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US and EU never fulfilled all their obligations under JCPOA: Analyst

This undated picture shows the flags of the countries that remain in the Joint Comprehensive Plan of Action, the official name of the nuclear agreement signed between Iran and world powers in Vienna in 2015, alongside the flag of the European Union (C).

The United States and the European Union have never fulfilled all their obligations under the Joint Comprehensive Plan of Action (JCPOA) and “have no justification for demanding that Iran take the first step,” according to Charles Dunaway, an American political commentator based in Oregon.

Dunaway made the remarks in an interview with Press TV on Thursday while commenting on a statement by Iran’s UN ambassador Majid Takht-Ravanchi, who said the ball is in America’s court regarding the nuclear agreement that it abandoned in 2018.

Takht-Ravanchi said that Tehran is waiting for the new US administration to take the first step to lift the unlawful sanctions and then rejoin the 2015 multilateral accord.

In an interview with NBC News on Monday, Takht-Ravanchi said Tehran was not prepared to offer goodwill gestures or confidence-building measures until Washington remove its sanctions and return to the JCPOA.

“It’s up to the US to decide what course of action to take. We’re not in a hurry,” he said.

In 2015, Iran and six world states — namely the US, Germany, France, Britain, Russia and China — signed the JCPOA which was ratified in the form of UN Security Council Resolution 2231.

However, the US under former President Donald Trump unilaterally pulled out of the JCPOA in May 2018 and reinstated the anti-Iran sanctions that had been lifted by the deal.

The Trump administration also launched what it called a “maximum pressure” campaign against Iran, targeting the Iranian nation with the “toughest ever” restrictive measures.

As the remaining European parties failed to fulfill their end of the bargain under US pressure, Iran began in May 2019 to scale back its JCPOA commitments under Articles 26 and 36 of the accord covering Tehran’s legal rights.

New US President Joe Biden has pledged to rejoin the accord, which was inked when he was vice president, if the Islamic Republic returns to compliance.

“The chief Zionist columnist for the New York Times, Bret Stephens, recently wrote: ‘It beggars belief that the [Biden] White House is reportedly considering former diplomat Robert Malley as a special envoy for Iran. Malley is widely seen as one of Tehran’s premier apologists in Washington,’” Dunaway said.

“This is part of a Zionist campaign to prevent Malley from being confirmed by the Senate. It is indicative of the struggle within the Biden White House and the US political class on Iran policy.  If confirmed, Malley would join 2 other important members of the national security team that are seen as having a more balanced view of Iran: the incoming CIA Director, William J. Burns, the new national security advisor Jake Sullivan, and the new Deputy Secretary of State, Wendy Sherman, who was involved in negotiations for the JCPOA,” he told Press TV.

“The new Secretary of State, Antony Blinken, is a committed supporter of Israel.  His comments on Iran and the JCPOA show a prejudice toward Iran that echoes Israeli positions while seeming to support return to the JCPOA assuming Iran makes the first concessions,” he stated.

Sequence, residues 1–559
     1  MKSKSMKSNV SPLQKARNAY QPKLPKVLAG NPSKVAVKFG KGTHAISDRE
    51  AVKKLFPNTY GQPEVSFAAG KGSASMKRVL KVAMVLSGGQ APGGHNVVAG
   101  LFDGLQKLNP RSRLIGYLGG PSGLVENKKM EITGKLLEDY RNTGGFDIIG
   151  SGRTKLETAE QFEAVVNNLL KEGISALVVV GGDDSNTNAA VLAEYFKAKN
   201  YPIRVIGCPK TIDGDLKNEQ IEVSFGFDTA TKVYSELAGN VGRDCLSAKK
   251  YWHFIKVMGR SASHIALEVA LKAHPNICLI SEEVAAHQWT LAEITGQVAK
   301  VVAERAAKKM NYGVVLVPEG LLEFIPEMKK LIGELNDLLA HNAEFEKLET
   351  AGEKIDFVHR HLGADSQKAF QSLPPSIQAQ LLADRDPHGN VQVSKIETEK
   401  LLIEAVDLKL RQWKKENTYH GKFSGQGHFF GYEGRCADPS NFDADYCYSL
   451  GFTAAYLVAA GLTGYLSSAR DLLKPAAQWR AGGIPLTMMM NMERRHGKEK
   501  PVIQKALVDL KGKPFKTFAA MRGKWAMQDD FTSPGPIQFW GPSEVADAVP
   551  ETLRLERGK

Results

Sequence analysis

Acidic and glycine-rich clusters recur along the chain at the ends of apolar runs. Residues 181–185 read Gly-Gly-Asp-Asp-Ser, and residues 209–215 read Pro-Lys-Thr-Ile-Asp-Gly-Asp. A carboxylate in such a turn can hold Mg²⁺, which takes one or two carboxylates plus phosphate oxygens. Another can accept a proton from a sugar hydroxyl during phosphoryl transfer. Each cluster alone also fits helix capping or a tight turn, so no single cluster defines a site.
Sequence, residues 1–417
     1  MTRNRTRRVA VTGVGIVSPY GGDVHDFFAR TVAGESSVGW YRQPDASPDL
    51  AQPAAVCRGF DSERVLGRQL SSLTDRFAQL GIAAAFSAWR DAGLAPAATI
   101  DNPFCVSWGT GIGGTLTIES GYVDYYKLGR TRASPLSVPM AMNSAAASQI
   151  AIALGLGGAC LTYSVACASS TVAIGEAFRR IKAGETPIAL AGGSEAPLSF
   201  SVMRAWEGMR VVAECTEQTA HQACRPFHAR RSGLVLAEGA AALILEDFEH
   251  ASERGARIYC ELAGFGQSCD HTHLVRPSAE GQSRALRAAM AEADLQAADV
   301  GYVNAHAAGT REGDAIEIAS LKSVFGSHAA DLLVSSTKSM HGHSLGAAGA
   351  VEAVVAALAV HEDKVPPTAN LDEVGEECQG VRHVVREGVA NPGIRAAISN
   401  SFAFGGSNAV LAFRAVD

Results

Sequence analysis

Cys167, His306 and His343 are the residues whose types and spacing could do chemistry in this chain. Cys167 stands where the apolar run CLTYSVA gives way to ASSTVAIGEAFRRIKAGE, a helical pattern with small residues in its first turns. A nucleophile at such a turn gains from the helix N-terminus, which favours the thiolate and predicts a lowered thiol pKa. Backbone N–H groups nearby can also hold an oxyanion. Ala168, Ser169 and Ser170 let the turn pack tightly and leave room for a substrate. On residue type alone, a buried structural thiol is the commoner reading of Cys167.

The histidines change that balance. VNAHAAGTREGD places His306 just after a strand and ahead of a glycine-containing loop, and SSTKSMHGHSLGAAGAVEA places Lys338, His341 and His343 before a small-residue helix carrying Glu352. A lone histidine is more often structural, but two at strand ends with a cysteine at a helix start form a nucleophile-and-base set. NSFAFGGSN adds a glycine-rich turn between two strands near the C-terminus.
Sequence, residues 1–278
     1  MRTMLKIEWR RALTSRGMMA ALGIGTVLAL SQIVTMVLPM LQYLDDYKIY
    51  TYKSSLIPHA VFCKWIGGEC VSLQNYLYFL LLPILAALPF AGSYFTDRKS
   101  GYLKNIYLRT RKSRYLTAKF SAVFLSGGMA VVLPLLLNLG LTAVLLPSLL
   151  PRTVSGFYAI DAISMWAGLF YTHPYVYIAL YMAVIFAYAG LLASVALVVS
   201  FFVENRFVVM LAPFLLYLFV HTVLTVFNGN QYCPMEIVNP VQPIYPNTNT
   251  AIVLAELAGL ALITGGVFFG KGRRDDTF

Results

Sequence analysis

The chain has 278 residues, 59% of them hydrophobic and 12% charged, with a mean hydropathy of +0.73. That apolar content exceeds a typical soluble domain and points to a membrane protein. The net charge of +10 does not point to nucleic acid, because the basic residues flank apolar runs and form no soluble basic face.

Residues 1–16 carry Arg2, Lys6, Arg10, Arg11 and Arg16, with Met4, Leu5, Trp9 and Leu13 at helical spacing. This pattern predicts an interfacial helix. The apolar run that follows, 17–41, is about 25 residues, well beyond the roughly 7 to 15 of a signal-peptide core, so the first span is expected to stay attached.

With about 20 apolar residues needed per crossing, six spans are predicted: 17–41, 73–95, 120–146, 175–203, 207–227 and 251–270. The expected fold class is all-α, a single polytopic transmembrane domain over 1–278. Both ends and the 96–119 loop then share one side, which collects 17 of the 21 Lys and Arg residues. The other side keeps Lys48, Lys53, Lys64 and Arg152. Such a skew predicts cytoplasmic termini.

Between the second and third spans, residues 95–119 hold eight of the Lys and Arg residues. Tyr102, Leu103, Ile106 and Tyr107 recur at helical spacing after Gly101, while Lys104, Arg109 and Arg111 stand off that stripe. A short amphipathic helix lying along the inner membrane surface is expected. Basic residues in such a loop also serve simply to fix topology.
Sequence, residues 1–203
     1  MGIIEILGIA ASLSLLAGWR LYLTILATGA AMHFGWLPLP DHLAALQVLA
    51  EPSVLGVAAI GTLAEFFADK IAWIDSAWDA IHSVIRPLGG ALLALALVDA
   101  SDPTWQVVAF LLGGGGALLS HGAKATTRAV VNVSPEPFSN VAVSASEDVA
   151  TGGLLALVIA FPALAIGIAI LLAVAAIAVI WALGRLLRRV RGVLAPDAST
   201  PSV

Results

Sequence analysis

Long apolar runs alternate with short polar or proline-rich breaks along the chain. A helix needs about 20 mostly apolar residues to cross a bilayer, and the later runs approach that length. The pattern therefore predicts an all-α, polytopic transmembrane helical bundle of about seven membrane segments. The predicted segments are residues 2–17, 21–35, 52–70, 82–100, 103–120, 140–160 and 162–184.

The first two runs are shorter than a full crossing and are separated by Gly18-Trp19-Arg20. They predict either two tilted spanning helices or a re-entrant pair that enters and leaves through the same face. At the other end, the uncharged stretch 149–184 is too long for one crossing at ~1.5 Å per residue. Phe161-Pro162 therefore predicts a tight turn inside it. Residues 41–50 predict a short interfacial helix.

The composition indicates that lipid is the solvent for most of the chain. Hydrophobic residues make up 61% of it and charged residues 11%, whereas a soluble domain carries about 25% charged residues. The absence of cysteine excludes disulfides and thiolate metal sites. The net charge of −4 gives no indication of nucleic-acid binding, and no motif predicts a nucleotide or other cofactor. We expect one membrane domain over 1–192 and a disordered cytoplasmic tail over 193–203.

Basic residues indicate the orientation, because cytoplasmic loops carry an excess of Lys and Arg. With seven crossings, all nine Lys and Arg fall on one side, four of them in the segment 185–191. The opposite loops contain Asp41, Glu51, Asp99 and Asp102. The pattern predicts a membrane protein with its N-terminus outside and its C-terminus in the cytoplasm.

“And, what about Biden himself?  He has said that ‘if Iran returns to strict compliance with the nuclear deal, the United States would rejoin the agreement as a starting point for follow-on negotiations.’  That statement does not bode well. First, it appears to require that Iran return to compliance with a deal that the US unilaterally abandoned.  In fact, the US and EU never fulfilled all their obligations under the JCPOA and have no justification for demanding that Iran take the first step,” he noted.

“Also, even if the US takes the first step in returning to the JCPOA, that would not be sufficient to restore confidence in US diplomacy needed to begin follow-on negotiations. None of these actors seem to take into account the damage done to Iran and to US-Iran relations by the Trump administration, particularly Trump’s ‘maximum pressure’ campaign and the assassination of General Soleimani. They also fail to understand the damage done to the US credibility and standing in the world over the last 4 years. The Biden team still believes in the exceptional nation myth and labors under the mistaken impression that they can return to the days of unchallenged US hegemony,” he said.

“There are important mainstream voices in the US supporting a more realistic, multilateral policy in the Middle East. A major think tank recently issued a paper calling on the US to abandon their attempt to dominate the Persian Gulf, and encourage regional dialogue but not try to lead it.  That advice is not yet politically viable in the US, and probably will not be as long as Israeli interests are able to dictate policy,” he said.

“The Biden regime may remove the more punitive of the illegal sanctions on Iran, but will they be willing to return fully to their obligations under the JCPOA as the government of Iran requires?  That is possible, but in my opinion, not likely.  In a just world, they would prosecute the murderers of General Soleimani and offer reparations for the unjust economic injuries on Iran caused by the Trump Administration.  We do not live in that just world, and the Democrats do not have the political muscle needed to pursue justice, even if they wanted to - which they don’t,” he said.

“The US is, at least, temporarily, being led by rational people again, but the nation and the party in power are far weaker than they are willing to admit,” he concluded.

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